"SIT DOWN, OR DIE WHERE YOU STAND!" yelled Shaylee.
The older of the two women turned toward Shaylee and said, "Ya kilt ma boy and his paw you whores of Babylon. Parson done tolt us all about ya Irish Papists and ya sinful ways, and you'll burn in hell for this. Ya may as well shoot me 'cause I'm gonna tend to my dead no matter what you say."
Shaylee shrugged and said, "Have it your way." The woman fell with a bullet in her forehead. Everyone screamed with shock, horror and indignation. Shaylee fired another bullet into the ceiling.
One of the other townswomen said, "Shaylee? Have you gone mad? Why are you doing this?"
Shaylee thought for a minute then said, "Mad? Perhaps so, but know this! Before these men died they killed my man and my children and Maeve's family too. Then they burned our homestead and tried to have their way with me! I fought and got this for my troubles." Shaylee turned and pulled the top of her dress down to her hips baring her bloodied lash marked back to the people.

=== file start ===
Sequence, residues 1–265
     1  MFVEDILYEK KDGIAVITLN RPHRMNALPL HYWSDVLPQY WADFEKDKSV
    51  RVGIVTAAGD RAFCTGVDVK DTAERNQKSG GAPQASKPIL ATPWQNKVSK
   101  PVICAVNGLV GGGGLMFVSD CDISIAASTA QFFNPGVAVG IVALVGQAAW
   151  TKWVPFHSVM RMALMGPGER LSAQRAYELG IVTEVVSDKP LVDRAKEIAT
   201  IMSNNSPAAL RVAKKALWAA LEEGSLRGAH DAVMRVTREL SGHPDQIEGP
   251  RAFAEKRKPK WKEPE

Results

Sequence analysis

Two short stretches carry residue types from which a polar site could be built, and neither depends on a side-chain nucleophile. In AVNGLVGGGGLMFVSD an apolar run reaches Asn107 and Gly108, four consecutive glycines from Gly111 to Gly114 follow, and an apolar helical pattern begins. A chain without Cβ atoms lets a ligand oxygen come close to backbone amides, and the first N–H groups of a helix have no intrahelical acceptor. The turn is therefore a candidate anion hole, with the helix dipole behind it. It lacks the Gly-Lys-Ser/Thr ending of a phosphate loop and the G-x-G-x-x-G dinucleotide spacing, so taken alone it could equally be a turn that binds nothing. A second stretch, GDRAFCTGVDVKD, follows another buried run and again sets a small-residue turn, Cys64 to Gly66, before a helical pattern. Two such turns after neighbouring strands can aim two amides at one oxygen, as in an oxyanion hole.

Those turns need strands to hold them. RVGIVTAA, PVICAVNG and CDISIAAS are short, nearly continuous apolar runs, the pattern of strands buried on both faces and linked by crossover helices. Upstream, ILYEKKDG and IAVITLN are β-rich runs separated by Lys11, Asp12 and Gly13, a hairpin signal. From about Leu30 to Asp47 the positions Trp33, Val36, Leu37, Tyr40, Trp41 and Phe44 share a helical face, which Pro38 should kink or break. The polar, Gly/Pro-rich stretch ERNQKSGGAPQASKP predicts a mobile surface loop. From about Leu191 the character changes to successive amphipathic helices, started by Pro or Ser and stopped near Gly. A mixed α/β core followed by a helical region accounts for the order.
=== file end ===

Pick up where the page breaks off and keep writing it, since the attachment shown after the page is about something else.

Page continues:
"We were friends once. Then that man came and poisoned your minds! You people have sown the wind and will now reap the whirlwind!" said Maeve as she struck a match and lit a fuse.
The people watched, confused, not knowing where the fuse went. Then, one after another the buildings of the town exploded. The town's women wept and four of the men tried to rush the Irish women. The men died as double-ought buckshot perforated their bodies. Several others behind the men were wounded too. Shotguns are not precise weapons.